A new thriller video game from indie studio Annapurna Interactive called “Twelve Minutes” comes out Aug. 19 and has a stacked cast — including “Spider-Man” fan favorite Willem Dafoe, who said he’s excited to see how the innovative game turns out.
“Twelve Minutes” is about a man (voiced by James McAvoy) who’s sitting down for a nice dinner at home with his wife (played by Daisy Ridley) when an intruder (Dafoe) bursts in, accuses the wife of murdering someone, then beats the man to death. Taking a page from Harold Ramis’ “Groundhog Day,” the game’s director Luis Antonio structured “Twelve Minutes” around a time loop that repeats in — you guessed it — 12-minute intervals. The player’s job is to run through the scenario enough times to break out of the loop and solve the crime.
“I enjoy doing voice work. I liked how Luis pitched it. It seemed like it was a thoughtful, interesting approach just how it was structured,” Dafoe told TheWrap in a video call, adding, “The mind of the game was interesting to me.”
Willem Dafoe said he agreed to sign on in part because of the game’s stellar cast — he was eager to work with “Star Wars” starlet Daisy Ridley, in particular.
“I know Daisy Ridley and James McAvoy were already committed to it and they’re both very good actors, and I enjoy working with them,” Dafoe said. “I had worked with Daisy before on ‘Murder on the Orient Express.’ I thought she was wildly, really talented; and she’s real sweet and smart and fun. And James, I didn’t know personally, but I know his work. These are very good actors and I enjoyed working with them.”
Despite the insanely talented cast of actors, Dafoe admitted the game is kind of an experimental project and said, “Basically, I’m going in blind, but I got a good feeling.”
“Twelve Minutes” didn’t have the lead actors do motion-capture work. Unlike most games, the voiceover work happened in isolation because Annapurna Interactive was following strict coronavirus guidelines and Dafoe said he didn’t interact with Ridley and McAvoy as much as he’d have liked to under normal circumstances.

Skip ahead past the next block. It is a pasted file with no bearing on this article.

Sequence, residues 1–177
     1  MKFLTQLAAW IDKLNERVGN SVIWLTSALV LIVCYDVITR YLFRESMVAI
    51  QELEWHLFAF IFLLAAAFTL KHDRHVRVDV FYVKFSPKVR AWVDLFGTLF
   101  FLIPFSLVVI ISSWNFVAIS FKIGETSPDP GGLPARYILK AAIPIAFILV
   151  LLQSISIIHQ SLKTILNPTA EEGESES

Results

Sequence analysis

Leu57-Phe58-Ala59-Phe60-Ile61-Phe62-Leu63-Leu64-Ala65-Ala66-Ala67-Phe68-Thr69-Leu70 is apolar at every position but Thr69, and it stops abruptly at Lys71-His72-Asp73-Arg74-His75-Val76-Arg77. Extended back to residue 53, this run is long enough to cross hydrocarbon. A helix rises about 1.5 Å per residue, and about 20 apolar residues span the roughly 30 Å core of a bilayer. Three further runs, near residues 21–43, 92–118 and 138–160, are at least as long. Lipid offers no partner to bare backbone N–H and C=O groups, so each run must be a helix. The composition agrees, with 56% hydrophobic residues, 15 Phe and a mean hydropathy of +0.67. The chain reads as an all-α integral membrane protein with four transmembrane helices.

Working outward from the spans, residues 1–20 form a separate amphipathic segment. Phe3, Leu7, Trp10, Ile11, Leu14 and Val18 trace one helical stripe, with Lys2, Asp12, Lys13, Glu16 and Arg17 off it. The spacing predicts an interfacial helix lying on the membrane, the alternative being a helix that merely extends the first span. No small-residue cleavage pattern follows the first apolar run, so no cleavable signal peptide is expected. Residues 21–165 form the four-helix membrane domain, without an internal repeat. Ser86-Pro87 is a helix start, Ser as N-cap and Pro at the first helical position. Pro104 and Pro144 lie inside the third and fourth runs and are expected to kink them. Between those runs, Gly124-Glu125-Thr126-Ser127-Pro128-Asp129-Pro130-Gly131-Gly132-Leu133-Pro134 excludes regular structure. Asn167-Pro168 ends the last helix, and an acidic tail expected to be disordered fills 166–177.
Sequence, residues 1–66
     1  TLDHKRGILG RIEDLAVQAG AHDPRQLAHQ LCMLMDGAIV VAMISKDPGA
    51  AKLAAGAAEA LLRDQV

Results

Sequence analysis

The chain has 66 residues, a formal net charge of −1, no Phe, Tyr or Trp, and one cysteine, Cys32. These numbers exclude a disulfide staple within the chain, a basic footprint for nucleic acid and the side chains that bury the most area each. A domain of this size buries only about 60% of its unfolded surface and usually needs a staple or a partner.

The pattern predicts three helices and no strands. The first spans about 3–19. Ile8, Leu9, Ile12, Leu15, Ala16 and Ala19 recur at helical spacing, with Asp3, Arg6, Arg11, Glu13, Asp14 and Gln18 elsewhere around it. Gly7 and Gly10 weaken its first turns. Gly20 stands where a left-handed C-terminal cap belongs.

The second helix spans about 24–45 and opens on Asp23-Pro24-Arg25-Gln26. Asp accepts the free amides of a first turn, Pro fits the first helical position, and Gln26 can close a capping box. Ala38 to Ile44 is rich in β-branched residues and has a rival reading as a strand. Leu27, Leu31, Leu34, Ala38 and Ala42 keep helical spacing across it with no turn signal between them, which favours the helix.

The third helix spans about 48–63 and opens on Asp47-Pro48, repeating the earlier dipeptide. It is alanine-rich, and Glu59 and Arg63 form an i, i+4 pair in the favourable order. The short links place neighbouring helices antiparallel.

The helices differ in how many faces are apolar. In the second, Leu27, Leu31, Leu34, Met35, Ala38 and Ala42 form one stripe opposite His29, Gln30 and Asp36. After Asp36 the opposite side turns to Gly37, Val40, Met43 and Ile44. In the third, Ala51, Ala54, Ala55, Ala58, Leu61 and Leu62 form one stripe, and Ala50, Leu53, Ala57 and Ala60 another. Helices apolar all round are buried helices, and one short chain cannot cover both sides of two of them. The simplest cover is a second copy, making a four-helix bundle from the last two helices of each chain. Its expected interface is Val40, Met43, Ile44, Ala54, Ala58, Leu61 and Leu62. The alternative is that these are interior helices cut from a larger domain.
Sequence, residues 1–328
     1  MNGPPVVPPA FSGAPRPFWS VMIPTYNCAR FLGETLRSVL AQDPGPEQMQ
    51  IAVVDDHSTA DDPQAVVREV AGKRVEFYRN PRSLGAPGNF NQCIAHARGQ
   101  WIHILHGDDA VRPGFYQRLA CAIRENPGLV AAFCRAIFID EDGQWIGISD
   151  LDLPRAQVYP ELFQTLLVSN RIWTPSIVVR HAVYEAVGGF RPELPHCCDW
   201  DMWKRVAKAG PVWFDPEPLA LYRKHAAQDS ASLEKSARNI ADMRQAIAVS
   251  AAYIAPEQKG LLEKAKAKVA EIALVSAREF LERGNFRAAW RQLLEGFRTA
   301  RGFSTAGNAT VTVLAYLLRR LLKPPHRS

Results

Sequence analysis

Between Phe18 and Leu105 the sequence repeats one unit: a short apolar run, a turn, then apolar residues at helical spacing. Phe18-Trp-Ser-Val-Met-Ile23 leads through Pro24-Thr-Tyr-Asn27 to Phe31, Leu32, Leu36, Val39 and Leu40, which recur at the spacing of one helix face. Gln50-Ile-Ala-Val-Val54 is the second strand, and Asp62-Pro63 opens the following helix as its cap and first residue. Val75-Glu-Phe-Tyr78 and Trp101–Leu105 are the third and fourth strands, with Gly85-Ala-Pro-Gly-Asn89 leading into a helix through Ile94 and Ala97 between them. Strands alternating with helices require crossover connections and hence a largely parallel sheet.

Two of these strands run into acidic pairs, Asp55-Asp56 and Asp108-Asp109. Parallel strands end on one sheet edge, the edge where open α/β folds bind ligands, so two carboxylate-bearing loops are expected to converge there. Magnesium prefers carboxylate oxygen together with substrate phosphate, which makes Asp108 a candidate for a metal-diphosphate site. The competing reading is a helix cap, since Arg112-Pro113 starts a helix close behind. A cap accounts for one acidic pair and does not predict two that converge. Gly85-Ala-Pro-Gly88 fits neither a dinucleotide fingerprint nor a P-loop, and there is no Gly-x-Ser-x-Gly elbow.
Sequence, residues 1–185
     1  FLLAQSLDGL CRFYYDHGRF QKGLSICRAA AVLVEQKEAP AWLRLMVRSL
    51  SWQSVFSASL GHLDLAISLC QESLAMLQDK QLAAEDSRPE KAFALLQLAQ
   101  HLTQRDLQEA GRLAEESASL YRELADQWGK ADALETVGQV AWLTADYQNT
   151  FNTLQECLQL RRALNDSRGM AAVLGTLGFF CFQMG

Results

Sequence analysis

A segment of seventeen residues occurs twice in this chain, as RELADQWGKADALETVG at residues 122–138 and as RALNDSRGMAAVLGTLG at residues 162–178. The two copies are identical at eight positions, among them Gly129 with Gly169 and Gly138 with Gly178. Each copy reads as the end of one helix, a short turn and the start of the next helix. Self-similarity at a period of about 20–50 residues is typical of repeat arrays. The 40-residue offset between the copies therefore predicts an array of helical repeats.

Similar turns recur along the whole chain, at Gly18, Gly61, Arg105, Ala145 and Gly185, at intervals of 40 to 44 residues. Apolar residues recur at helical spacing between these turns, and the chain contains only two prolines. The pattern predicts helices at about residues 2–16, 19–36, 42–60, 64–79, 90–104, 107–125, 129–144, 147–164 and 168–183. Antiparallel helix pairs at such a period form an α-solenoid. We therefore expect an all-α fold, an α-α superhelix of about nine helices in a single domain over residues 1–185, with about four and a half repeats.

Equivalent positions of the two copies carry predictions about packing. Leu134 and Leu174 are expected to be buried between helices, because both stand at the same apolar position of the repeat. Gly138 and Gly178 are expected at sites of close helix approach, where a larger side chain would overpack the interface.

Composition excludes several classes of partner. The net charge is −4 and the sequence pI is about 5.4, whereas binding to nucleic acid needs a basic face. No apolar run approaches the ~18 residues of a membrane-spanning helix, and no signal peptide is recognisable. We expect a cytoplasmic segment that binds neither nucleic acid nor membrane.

“We’re all kind of in the same boat, and we bounce off each other (but) we weren’t in the same room. But we’re listening to each other, and we’re on Zoom,” Willem Dafoe said. He pointed out that in the game, the husband and wife have no idea who his character the intruder even is, so the isolation the actors experienced while making “Twelve Minutes” was oddly in keeping with the theme.
“In the game, we’re all strangers, and we’re dealing with the situation, so that’s what we were doing as actors,” Dafoe said.
Dafoe noted that unlike movies (and some video games that rely heavily on facial motion capture for cutscenes), “Twelve Minutes” didn’t need to sync voice-overs, which gave him, Ridley and McAvoy more room to play with the script.
“We’re not syncing to picture, so it’s quite freeing and quite flexible,” Dafoe said. “You just try to be present for the situation in each of the variations and that’s quite a trick to do. But because you’re not presenting anything but your voice, you can do anything. So you can work psychologically, you can work rhythmically, you can work sonically, you can do all three at the same time.”
Designer Luis Antonio told TheWrap the game is heavily inspired by horror movies from David Fincher and Alfred Hitchcock. Stanley Kubrick’s “The Shining” is also a huge influence (the infamous hexagonal pattern design from the rugs at the Overlook Hotel makes an appearance in the game’s background) and Christopher Nolan’s “Memento.”
Willem Dafoe isn’t new to voiceover work in games. He told TheWrap he’s been working on them since the release of “James Bond 007: Everything or Nothing,” when he gave voice to gangster Nikolai Diavolo. In addition to the Bond title, Dafoe’s contributed voice work to Quantic Dream’s “Beyond Two Souls,” starring Elliot Page and reprised his role as the beloved villain Norman Osborn/Green Goblin in the 2002 “Spider-Man” video game based on the Sam Raimi films.
“I’ve enjoyed all the games that I’ve done. Working with David Cage, and ‘Beyond Two Souls’ with Elliott Page was really fun because we were also doing (motion capture) work,” Dafoe said. “You’re creating all these elements that then are concretized by the designers in the computer visualization of it — it’s interesting because when you’re a performer, you are the reality. But here, you’re contributing to a reality, you’re creating a thread that they’re going to weave into something else and while you don’t always have control, there’s a great freedom in what you create.”
“It’s fun, it’s, it’s fast, it’s fluid and it can be emotional,” Dafoe added.
“Twelve Minutes” releases on Xbox and PC Thursday, Aug. 19.